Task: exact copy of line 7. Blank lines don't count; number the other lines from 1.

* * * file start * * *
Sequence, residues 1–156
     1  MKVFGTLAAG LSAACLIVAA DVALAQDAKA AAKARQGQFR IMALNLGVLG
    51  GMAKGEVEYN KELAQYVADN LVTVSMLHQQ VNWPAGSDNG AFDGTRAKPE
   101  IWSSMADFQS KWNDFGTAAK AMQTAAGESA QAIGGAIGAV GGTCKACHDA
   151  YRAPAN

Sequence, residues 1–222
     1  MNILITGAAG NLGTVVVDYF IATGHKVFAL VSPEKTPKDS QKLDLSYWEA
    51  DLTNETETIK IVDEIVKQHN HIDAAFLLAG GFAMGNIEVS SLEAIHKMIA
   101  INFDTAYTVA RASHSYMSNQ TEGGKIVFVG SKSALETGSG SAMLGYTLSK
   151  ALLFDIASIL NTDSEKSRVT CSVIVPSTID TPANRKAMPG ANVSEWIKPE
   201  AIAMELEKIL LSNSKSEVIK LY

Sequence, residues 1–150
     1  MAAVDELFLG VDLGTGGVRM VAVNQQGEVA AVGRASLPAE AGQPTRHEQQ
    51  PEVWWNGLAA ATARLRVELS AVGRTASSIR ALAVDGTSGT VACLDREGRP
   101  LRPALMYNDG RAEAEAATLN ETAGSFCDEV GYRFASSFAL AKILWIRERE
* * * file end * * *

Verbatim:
     1  MNILITGAAG NLGTVVVDYF IATGHKVFAL VSPEKTPKDS QKLDLSYWEA